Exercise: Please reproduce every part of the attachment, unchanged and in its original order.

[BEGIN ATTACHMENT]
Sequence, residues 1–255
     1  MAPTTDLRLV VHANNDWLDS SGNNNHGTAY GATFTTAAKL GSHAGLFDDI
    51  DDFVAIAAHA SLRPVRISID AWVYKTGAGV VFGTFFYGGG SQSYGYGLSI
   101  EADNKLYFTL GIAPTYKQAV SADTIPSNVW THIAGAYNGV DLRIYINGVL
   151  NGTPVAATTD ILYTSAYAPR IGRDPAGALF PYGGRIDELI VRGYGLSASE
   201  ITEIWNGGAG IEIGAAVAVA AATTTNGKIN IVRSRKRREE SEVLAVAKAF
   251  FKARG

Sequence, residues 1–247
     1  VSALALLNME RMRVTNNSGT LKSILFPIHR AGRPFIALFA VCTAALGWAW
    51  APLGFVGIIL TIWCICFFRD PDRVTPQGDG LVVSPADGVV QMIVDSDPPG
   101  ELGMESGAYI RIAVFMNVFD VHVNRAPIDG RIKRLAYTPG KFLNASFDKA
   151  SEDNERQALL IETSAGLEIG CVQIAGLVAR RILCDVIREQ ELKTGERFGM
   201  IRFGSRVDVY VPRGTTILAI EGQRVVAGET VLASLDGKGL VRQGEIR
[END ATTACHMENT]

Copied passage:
Sequence, residues 1–255
     1  MAPTTDLRLV VHANNDWLDS SGNNNHGTAY GATFTTAAKL GSHAGLFDDI
    51  DDFVAIAAHA SLRPVRISID AWVYKTGAGV VFGTFFYGGG SQSYGYGLSI
   101  EADNKLYFTL GIAPTYKQAV SADTIPSNVW THIAGAYNGV DLRIYINGVL
   151  NGTPVAATTD ILYTSAYAPR IGRDPAGALF PYGGRIDELI VRGYGLSASE
   201  ITEIWNGGAG IEIGAAVAVA AATTTNGKIN IVRSRKRREE SEVLAVAKAF
   251  FKARG

Sequence, residues 1–247
     1  VSALALLNME RMRVTNNSGT LKSILFPIHR AGRPFIALFA VCTAALGWAW
    51  APLGFVGIIL TIWCICFFRD PDRVTPQGDG LVVSPADGVV QMIVDSDPPG
   101  ELGMESGAYI RIAVFMNVFD VHVNRAPIDG RIKRLAYTPG KFLNASFDKA
   151  SEDNERQALL IETSAGLEIG CVQIAGLVAR RILCDVIREQ ELKTGERFGM
   201  IRFGSRVDVY VPRGTTILAI EGQRVVAGET VLASLDGKGL VRQGEIR